Separating layout and contents from a web page is not a new topic but up until now it is still one of the most sought after dilemma by web developers like me. It is easier said than done, so while the concept has been around a long time, not many developers practice it. Developers, even though style sheets are vastly supported by browsers, are still tied to using tables to format the structure of their contents. And it is not like they wanted it—they just have to use what is the easier way of formatting your content.

Now there are lots of resources available on the internet that helps developers become “professional,” that is, being able to use the web standards and still make great looking web sites. I checked out several sites that helps developers in this issue: First was http://www.alistapart.com/. They have a lot of articles on many topics and their site is even an example of separating content from design. Another great example of this approach was demonstrated at http://www.csszengarden.com/. I was amazed at how the page was well-formatted with or without its default style sheet and it even promotes others to create their own CSS for the web site in a way mimics “skinning” like in software such as WinAmp and Windows Media Player.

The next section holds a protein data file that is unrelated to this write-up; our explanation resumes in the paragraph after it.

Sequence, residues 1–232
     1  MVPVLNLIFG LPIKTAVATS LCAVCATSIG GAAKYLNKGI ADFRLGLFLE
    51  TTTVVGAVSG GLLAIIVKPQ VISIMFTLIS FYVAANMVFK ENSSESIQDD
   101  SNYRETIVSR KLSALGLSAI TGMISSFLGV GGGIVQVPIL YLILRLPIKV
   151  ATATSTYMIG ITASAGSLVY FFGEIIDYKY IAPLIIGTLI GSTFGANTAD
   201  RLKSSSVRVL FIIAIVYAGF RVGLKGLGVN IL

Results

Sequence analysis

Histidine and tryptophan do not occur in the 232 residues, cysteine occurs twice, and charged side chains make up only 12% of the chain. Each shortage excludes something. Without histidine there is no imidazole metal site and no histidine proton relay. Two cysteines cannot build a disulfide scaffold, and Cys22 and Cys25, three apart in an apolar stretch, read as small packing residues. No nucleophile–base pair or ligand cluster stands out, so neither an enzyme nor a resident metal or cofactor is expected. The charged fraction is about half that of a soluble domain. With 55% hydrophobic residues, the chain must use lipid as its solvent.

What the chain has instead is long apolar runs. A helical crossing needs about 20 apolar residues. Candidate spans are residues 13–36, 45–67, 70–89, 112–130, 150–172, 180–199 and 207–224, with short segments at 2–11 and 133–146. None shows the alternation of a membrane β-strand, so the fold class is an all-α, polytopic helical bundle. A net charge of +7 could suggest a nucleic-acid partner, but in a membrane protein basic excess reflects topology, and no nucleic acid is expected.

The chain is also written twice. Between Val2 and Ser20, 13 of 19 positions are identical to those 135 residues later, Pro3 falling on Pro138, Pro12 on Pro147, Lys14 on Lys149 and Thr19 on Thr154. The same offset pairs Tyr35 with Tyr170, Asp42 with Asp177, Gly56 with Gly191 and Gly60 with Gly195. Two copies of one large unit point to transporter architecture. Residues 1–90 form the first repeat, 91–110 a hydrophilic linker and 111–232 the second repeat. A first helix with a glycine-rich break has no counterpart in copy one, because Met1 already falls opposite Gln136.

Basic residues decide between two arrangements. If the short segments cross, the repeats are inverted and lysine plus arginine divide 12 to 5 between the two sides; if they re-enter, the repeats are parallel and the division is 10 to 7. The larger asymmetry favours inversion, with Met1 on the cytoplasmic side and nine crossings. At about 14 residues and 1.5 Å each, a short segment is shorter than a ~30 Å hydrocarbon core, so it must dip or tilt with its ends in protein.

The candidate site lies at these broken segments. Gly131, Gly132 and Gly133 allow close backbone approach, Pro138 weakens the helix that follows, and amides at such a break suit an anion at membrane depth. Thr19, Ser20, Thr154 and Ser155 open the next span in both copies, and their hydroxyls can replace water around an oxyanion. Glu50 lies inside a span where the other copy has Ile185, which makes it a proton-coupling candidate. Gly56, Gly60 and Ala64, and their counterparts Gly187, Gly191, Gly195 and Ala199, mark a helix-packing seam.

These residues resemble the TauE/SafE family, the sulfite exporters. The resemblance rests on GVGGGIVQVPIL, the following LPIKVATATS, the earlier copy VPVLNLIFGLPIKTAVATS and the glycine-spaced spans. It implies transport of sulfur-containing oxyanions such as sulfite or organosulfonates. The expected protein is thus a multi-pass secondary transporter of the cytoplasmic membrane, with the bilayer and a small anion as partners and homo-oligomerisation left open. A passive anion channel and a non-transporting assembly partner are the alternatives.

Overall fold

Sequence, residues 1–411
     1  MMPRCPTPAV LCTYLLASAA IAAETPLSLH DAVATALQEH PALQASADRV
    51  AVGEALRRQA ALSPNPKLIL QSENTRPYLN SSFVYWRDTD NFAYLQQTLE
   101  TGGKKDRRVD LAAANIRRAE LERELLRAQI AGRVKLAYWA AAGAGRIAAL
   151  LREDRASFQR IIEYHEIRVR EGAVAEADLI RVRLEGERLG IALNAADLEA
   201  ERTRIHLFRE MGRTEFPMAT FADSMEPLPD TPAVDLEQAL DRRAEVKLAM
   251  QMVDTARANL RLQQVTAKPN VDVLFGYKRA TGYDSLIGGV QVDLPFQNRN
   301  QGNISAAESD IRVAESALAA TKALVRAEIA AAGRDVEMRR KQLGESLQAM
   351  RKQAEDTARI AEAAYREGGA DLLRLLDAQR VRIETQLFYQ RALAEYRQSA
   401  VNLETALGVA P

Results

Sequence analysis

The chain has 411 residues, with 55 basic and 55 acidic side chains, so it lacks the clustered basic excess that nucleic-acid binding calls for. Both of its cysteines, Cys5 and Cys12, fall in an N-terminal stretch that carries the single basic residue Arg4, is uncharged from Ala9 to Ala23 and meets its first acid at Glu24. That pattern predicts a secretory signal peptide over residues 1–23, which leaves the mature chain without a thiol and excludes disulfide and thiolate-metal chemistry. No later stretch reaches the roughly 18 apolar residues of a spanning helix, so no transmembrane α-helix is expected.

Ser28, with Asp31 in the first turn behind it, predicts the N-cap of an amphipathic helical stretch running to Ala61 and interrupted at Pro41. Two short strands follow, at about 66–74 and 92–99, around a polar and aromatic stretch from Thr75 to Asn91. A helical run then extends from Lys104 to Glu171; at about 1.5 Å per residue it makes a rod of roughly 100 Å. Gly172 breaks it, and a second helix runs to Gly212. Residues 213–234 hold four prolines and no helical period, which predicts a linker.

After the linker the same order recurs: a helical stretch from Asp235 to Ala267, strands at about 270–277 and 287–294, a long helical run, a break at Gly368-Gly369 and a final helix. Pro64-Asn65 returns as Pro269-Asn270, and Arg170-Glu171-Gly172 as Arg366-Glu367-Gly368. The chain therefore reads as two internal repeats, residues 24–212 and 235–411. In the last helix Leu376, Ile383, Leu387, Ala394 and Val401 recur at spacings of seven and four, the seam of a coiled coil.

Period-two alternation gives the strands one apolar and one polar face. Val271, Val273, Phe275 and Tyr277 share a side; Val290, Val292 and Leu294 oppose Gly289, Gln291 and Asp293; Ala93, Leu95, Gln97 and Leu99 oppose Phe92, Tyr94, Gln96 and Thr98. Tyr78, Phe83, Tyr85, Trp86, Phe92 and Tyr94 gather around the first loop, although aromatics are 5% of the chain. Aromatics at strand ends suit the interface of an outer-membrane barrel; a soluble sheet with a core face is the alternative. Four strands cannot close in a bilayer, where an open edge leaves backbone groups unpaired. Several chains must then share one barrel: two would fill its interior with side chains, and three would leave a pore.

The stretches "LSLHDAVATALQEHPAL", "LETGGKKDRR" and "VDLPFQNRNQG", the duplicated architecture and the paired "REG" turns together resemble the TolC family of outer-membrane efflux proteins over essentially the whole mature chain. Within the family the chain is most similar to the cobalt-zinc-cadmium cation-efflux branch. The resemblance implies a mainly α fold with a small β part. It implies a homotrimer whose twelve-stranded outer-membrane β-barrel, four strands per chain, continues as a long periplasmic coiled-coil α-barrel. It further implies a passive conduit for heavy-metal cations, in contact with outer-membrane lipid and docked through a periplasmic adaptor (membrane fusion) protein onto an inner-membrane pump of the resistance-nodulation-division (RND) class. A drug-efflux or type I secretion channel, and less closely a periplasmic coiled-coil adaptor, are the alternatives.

In the future more web sites will be made using the approach used by the websites I stated above and wouldn’t it be great if the web sites that you make today already have this functionality? You basically just have to define your contents’ structure (using <h1>, <p>, <li>, etc.) and you can let others design the formatting for you! It saves you time and you don’t have to do a site “overhaul” if you plan to change the look of your website.

I am still gathering more information about this topic and if ever I know I had enough to make an entire site using this approach, surely the first website I made that you’ll see having this would be my personal website http://dhenz.netfirms.com/. I’d like my future projects to be fully XHTML and CSS compliant and that other devices are not estranged from the sites I made. This is also one way I can help the web community have lesser “obsolete” web sites, and also keep my clients ahead of the ball game.

You may read more about this topic at http://www.alistapart.com/articles/separationdilemma/.

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